Wright

In none of his writings did Frank Lloyd Wright explicitly discuss what might be learned from studying the architecture of the past. Regarding European architecture, especially that of the Renaissance on, he was almost entirely negative. Having seen little of it other than in Berlin and Florence, he was mostly parroting the views of Viollet-le-Duc, whose works he had read and heeded. He did, however, express great admiration for traditional Japanese architecture, meaning medieval Buddhist complexes, which he had first seen in replica in Chicago at the Columbian Exposition of 1893 (fig. 3-11) and, later, on trips to Japan. No specific building in Japan was cited, but he made clear

Figure 3-11

Frank Lloyd Wright's architectural inspiration: Japanese Buddhist architecture, represented by the teahouse at Ginkaku-ji, Kyoto (FH).

Figure 3-11

Frank Lloyd Wright's architectural inspiration: Japanese Buddhist architecture, represented by the teahouse at Ginkaku-ji, Kyoto (FH).

in his Autobiography that the Buddhist tradition inspired several key principles of his architecture. This Japanese element served two purposes at once, the first being his perverse urge to reject what others embraced and to espouse what no one else in the West had thought to seek out. The second was to reinforce his dedication to the concept of organic planning, which he had adopted from Viollet-le-Duc.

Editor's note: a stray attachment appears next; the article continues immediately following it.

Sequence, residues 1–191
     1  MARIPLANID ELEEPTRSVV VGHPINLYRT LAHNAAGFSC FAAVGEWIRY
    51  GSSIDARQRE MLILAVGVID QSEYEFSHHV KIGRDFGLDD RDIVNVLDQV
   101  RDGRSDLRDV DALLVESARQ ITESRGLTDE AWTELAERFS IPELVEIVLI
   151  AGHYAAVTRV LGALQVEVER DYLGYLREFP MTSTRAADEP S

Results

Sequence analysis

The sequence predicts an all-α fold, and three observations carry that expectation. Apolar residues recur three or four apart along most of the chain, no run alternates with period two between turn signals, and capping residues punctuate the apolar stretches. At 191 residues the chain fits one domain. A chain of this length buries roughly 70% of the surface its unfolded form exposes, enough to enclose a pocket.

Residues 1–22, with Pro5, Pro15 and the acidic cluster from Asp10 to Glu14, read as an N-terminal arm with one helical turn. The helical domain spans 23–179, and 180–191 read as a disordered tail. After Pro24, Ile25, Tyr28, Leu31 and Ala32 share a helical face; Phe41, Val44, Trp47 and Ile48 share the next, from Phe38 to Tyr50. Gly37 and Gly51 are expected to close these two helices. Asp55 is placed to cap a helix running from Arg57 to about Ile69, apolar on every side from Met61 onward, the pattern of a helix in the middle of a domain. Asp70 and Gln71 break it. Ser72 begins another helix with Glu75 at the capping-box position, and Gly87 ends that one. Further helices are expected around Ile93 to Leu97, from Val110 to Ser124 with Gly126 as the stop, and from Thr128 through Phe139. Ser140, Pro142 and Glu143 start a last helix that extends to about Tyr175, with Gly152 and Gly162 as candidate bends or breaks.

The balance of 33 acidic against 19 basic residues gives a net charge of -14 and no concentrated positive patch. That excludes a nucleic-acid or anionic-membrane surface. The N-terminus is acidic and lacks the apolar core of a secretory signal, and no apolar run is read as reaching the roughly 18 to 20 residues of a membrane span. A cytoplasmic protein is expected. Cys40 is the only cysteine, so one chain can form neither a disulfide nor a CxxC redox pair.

The principles he discovered in Japanese architecture began with the intimate interrelationship of interior and exterior, amounting to what he called the abolition of the box (fig. 3-11). By corollary they extended to the design of the natural environment around a structure, even to the borders of its site. The siting of the building should, if possible, make it seem to be a natural and inevitable feature of the landscape, placed in it rather than on it. The building should be constructed of materials that bespeak the earth—unpainted wood, rough-cut stone, brick, slate, and the like—and they should be incorporated into the structure in such a way as to enhance, and certainly not deny, their natural qualities. Moreover, they should be used in the same way on the interior as they have been on the exterior, avoiding all artificial finishes. They should be assembled in such a way as to integrate the parts, making the structure appear continuous, without a blatant beginning or end. Indeed, where feasible, the interior spaces should merge one into the other in an analogous manner. Finally, the harmony of the architecture should bespeak the harmony of its occupants' existence in nature. By implication, if the clients did not already possess that grace, the architecture would help them to acquire it. Although this program was never spelled out in one systematic explanation, its components suffuse all Wright's writings.

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